The manuscript in the National Library of Scotland known as the ‘Bowie’ manuscript [NLS MS 21741] marked ‘Geo. Bowie’ on the fly-leaf, dated 1705,  is a collection of fiddle music, which seems to have been compiled by the Edinburgh fiddler John McLachlan. His name also appears associated with many tunes in the Balcarres lute manuscript, and indeed, the two share a number of settings. McLachlan also seems to have been the source for Playford’s ‘Original Scots Tunes’, published in London in 1703. It is clear that he played a major role in the musical life of Edinburgh around 1695-1705. There is also a relationship between McLachlan’s tunes and those in the Henry Atkinson manuscript [1695]1 suggesting that there was a repertoire held in common across the border region at that time, though McLachlan’s settings, as seen here in the second tune, are usually much more extended.
The manuscript contains only three tunes which can confidently be said to be ‘bagpipe’ settings, though they are written out in G. Matt Seattle printed ‘Cutie Clat Her’ in the first editions of The Master Piper, but not in the third edition. The others are printed for the  first time here . ‘Hit her on the bum an[d] she come near me’ is currently the oldest known version of ‘Hoopers and Girders’, Dixon’s ‘Hit her between the legs’, Wm. Vickers’ ‘Rangers Frolick’. The title in the manuscript reads ‘and she come near me’; the intention appears to be ‘an she come near me’, ie. ‘an=if’. This is the tune that Walter Scott’s Wandering Willie said his grandsire Steenie Steenson was ‘famous at’, and Bowie’s version would be more or less contemporary with Steenie himself.2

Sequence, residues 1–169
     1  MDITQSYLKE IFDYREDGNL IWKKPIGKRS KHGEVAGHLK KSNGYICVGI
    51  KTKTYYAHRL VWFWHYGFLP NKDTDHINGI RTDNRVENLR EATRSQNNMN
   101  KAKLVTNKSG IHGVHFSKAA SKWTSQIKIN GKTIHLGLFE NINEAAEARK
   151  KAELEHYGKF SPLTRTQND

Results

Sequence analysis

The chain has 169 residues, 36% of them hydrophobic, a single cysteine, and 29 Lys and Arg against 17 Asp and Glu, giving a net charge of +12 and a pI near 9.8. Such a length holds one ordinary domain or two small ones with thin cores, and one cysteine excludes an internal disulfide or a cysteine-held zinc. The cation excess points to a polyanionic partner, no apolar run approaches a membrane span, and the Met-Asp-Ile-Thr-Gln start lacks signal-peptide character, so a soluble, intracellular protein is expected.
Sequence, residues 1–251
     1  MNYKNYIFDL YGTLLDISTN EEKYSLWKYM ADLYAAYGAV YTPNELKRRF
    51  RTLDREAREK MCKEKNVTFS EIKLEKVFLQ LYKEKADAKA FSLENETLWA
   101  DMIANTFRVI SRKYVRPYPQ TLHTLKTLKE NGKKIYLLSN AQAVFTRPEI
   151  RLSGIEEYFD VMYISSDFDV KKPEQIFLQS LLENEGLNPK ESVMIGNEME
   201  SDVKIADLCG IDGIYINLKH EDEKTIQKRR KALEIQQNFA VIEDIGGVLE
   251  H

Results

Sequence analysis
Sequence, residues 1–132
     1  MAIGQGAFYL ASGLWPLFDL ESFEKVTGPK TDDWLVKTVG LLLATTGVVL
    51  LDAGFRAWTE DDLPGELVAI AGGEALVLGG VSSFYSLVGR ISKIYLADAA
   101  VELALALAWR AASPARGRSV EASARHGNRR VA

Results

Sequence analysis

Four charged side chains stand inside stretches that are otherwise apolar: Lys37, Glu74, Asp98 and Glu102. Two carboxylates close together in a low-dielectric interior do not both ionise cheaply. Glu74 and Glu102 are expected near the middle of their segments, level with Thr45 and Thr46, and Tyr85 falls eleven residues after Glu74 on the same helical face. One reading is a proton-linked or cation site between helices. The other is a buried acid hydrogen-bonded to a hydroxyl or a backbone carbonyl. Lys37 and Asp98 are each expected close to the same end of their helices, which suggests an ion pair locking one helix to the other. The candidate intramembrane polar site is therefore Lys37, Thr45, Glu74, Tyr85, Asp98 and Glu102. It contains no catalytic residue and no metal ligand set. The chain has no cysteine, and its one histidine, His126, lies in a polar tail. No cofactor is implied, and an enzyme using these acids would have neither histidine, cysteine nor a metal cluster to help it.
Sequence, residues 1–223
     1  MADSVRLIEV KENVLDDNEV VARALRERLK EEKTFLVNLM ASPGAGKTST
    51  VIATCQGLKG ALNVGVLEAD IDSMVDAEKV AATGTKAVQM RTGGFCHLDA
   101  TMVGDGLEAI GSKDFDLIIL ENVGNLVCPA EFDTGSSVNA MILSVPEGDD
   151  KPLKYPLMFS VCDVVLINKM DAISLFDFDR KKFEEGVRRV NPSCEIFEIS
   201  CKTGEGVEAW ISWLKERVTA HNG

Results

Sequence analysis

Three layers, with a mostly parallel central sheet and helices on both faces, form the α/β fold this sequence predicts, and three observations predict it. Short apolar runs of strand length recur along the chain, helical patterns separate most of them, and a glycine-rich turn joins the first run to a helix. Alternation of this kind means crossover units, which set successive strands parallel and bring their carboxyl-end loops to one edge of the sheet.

I have edited bar 7 of strain 3; the original has 4 quavers of G[A as transposed] as notes i-iv and vi-ix - clearly a fiddle ornament. I have suggested a lowland bagpipe equivalent
‘Where Shall Our Goodman Ly’ appears for the first time in a B aeolian mode version in Henry Atkinson’s manuscript. A somewhat different setting, with the title ‘Torpichen’s Rant’ is in Riddell’s collection, and was printed in Common Stock in December 2010.
I have made one or two small amendments to the setting, replacing the low E at the opening note and the low D at strain 3 note i with B, and the last note, low D, in the penultimate bar with G. The final note in Bowie’s MS is G [A as transcribed]; I have suggested E in keeping with the other strains and the lowland/border tradition.


2  Scott, Walter, Redgauntlet, p.126

Hit her upon the bum an[d] she come near me

 Bowie MS tune 1

 Bowie MS tune 2

The tune as it appears in Geoghegan’s Tutor for the Pastoral or New  Bagpipe around 1746. The difference in style is remarkable.  Geoghegan’s setting may be the first  published in this style, though many were to follow. Bowie’s however is an example of an earlier style. But there are probably other ways of interpreting this difference.
Thanks to Ross Anderson for the image:

Wher will our Goodman Ly

 Bowie MS tune 3

wheir must our good man lye [Henry Atkinson’s MS c 1695]

 Bowie MS tune 4

Cutie Clat Her

 Bowie MS tune 5

The original is in G, with the penultimate bar and the first note of the last bar an octave lower. The tune first appears in the Balcarres lute manuscript as ‘Iokie leaped over the dyke’ where it is described as ‘mr maclachland’s way’ [one of many spellings of the name in the manuscript]: Playford’s Original Scots Tunes has the same version titled ‘And When She Came Ben She Bobed’ [which is the usual title of a different tune]. It seems likely that McLachlan was the source of all these versions. The heavy syncopation is typical of McLachlan’s setiings, revealing a rather different kind of invention to that of Wm Dixon’s version.